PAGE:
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term debt and the confidence of people in the u.s. government. take a listen. >> there may be some tax provisions that can encourage businesses to hire sooner rather than sitting on the sidelines. so we're taking a look at those. i think it is important, though, to recognize that if we keep on adding to the debt, even in the midst of this recovery, that at some point, people could lose confidence in the us economy in a way that could actually lead to a double-dip recession. >> i remember that well. and at the time it was going on, i do occasionally find myself in meetings with very serious people myself. i guess i am personally one now and then. there was this widespread view among people, and not all of it venal, not all of it self-interested, that somehow things were hanging by a thread. that any day now we could have a run on u.s. government debt, which was wrong. but, okay, i can see how people could for a while have believed that. but a lot of time has gone by since then. and i hope that at least some people have learned better. but it's amazing how little the continued failure of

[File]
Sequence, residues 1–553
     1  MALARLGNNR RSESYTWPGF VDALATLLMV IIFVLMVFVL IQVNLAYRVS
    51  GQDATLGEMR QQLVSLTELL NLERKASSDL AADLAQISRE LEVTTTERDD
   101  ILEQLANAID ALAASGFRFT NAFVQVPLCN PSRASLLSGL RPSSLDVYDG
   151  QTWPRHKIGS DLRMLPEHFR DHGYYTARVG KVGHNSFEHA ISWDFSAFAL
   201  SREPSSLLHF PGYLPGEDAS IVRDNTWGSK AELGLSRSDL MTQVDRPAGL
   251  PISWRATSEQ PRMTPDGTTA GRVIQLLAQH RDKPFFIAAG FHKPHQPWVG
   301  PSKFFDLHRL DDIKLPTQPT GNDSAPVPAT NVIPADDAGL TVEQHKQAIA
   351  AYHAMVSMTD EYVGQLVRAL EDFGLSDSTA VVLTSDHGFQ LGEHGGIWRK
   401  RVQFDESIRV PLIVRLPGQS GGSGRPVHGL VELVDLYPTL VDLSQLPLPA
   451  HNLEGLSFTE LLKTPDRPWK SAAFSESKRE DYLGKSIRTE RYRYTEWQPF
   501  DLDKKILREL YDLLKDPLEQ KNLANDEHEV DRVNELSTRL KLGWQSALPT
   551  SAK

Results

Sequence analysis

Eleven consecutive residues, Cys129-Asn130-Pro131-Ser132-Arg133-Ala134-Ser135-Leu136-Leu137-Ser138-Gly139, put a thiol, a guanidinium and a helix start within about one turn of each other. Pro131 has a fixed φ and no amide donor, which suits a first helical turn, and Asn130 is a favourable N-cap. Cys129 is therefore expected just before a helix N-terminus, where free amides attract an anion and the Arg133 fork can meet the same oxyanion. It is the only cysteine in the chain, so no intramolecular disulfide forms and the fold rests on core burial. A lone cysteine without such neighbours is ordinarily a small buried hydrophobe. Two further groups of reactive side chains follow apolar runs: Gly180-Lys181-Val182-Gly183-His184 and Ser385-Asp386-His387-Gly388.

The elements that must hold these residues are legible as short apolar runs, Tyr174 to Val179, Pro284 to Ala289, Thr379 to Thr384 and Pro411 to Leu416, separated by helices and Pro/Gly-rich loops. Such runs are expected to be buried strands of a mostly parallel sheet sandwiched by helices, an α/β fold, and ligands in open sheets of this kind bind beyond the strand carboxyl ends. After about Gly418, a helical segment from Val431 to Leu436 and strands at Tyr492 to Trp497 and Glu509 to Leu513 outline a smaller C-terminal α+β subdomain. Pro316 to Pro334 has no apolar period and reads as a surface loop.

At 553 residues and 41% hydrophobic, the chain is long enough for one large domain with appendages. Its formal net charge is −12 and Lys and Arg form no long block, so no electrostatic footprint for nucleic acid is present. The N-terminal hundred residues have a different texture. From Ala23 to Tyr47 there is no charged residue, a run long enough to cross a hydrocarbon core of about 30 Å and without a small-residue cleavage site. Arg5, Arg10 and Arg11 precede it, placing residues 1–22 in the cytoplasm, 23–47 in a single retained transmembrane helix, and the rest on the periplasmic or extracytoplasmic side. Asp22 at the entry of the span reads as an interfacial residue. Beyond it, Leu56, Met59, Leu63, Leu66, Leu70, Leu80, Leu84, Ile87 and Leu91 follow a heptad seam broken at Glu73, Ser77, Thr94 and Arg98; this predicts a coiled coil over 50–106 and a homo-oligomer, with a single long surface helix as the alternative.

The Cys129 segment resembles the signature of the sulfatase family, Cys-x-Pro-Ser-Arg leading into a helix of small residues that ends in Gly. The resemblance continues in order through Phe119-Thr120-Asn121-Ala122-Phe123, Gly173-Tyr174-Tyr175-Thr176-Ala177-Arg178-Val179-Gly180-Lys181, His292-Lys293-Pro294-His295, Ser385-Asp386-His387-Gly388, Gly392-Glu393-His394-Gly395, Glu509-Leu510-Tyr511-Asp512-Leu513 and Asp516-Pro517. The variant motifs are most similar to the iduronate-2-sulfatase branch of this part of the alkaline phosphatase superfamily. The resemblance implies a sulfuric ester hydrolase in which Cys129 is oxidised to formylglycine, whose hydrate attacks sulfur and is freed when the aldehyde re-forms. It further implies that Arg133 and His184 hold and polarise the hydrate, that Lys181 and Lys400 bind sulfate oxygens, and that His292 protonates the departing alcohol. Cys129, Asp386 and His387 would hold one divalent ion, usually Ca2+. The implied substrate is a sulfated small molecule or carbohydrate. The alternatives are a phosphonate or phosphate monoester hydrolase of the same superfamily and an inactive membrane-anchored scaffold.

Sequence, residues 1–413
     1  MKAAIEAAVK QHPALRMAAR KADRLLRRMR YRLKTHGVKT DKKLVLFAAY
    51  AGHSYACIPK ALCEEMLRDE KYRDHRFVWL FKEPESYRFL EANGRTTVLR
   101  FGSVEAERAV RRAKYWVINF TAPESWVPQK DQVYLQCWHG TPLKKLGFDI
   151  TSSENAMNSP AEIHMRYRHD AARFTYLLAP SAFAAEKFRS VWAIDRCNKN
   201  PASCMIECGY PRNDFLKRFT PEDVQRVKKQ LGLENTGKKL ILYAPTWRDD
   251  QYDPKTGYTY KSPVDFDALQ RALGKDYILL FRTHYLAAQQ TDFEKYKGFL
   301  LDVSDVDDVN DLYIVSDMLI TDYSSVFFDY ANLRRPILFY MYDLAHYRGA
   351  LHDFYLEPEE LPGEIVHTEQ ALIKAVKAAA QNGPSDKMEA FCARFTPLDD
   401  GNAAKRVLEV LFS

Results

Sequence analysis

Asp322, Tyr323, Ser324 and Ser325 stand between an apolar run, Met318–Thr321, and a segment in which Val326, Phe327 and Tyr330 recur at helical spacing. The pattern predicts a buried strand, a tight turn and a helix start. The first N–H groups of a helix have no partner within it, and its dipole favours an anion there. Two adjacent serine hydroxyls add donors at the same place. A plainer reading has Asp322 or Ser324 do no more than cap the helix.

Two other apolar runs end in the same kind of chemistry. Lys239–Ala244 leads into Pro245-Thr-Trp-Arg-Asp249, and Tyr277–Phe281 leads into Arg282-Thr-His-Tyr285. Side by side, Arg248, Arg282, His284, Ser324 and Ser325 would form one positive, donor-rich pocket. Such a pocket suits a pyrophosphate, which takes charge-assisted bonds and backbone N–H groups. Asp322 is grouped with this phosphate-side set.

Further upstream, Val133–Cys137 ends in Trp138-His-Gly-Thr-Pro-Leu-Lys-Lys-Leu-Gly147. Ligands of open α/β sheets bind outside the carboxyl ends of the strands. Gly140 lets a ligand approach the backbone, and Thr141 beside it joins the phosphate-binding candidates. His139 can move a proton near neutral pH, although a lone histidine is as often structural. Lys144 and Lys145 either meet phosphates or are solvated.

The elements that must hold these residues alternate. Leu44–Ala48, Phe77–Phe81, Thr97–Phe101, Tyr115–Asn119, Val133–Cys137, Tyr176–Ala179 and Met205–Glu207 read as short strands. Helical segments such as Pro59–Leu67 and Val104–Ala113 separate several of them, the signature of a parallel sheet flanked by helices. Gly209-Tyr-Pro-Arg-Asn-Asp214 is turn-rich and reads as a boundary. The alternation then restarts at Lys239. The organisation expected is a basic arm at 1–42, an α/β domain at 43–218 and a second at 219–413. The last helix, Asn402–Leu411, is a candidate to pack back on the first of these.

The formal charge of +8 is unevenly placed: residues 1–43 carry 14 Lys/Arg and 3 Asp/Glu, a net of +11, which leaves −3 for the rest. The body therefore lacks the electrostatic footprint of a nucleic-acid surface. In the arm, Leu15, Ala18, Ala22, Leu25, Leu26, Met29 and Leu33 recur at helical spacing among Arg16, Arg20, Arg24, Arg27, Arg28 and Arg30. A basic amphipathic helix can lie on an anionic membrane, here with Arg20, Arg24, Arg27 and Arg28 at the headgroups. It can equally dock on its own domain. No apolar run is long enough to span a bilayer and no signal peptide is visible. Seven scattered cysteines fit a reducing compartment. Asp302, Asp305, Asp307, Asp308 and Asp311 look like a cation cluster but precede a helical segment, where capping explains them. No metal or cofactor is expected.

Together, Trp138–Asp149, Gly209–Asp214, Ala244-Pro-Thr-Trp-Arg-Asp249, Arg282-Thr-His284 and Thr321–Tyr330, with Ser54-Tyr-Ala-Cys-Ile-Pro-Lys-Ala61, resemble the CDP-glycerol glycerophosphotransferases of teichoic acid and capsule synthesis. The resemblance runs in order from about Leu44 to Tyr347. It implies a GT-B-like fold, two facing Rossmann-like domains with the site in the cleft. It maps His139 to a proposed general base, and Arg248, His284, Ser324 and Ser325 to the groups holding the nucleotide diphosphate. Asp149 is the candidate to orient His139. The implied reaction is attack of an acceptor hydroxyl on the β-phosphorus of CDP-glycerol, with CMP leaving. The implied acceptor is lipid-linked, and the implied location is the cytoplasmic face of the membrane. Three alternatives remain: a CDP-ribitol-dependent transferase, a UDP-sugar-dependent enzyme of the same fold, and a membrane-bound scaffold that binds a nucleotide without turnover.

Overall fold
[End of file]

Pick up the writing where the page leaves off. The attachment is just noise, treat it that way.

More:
in the capital gains tax, which didn't come to fruition, but nevertheless, prudent visitorinvestors sold the stock. and from that standpoint, the stock attracts current levels, especially out of earnings. >> susie: and earnings are coming out next week, and we'll be tracking that. and we'll see how the stock does after that. thanks, david, david garrity. >> tom: investors sorting through a slew of economic data today. u.s. industrial production hit its highest point in more than four years in december, while consumer prices, were flat last month, pointing to muted inflation pressures. still, the u.s. major averages ended mixed: the dow off 23 points, pulled lower by weakness in boeing shares, the nasdaq rose six, the s&p up just a fraction. >> susie: and the federal reserve's latest snapshot of the u.s. economy isn't picture perfect, but it is positive. today's beige book report showed signs of solid overall economic growth. each of the fed's 12 districts showed either "moderate" or "modest" growth, steady or expanding real estate activity, and some growth in consumer spending from decem